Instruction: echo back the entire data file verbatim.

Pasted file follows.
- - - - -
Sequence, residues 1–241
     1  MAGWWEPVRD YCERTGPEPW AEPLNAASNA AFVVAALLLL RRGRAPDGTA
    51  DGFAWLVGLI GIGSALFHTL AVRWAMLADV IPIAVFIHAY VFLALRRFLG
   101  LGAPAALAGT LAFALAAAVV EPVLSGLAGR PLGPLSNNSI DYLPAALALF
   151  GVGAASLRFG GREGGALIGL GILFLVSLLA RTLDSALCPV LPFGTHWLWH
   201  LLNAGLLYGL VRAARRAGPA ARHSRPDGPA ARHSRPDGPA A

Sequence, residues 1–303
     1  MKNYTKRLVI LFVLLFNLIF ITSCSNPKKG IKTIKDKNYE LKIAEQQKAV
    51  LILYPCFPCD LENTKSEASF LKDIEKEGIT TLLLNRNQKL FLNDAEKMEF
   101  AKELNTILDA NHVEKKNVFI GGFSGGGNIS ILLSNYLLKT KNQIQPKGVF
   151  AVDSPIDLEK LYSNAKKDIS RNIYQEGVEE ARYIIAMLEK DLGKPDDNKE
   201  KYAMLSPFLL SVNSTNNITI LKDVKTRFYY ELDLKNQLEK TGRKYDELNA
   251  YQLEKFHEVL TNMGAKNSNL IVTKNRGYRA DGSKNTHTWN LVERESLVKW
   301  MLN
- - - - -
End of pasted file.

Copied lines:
Sequence, residues 1–241
     1  MAGWWEPVRD YCERTGPEPW AEPLNAASNA AFVVAALLLL RRGRAPDGTA
    51  DGFAWLVGLI GIGSALFHTL AVRWAMLADV IPIAVFIHAY VFLALRRFLG
   101  LGAPAALAGT LAFALAAAVV EPVLSGLAGR PLGPLSNNSI DYLPAALALF
   151  GVGAASLRFG GREGGALIGL GILFLVSLLA RTLDSALCPV LPFGTHWLWH
   201  LLNAGLLYGL VRAARRAGPA ARHSRPDGPA ARHSRPDGPA A

Sequence, residues 1–303
     1  MKNYTKRLVI LFVLLFNLIF ITSCSNPKKG IKTIKDKNYE LKIAEQQKAV
    51  LILYPCFPCD LENTKSEASF LKDIEKEGIT TLLLNRNQKL FLNDAEKMEF
   101  AKELNTILDA NHVEKKNVFI GGFSGGGNIS ILLSNYLLKT KNQIQPKGVF
   151  AVDSPIDLEK LYSNAKKDIS RNIYQEGVEE ARYIIAMLEK DLGKPDDNKE
   201  KYAMLSPFLL SVNSTNNITI LKDVKTRFYY ELDLKNQLEK TGRKYDELNA
   251  YQLEKFHEVL TNMGAKNSNL IVTKNRGYRA DGSKNTHTWN LVERESLVKW
   301  MLN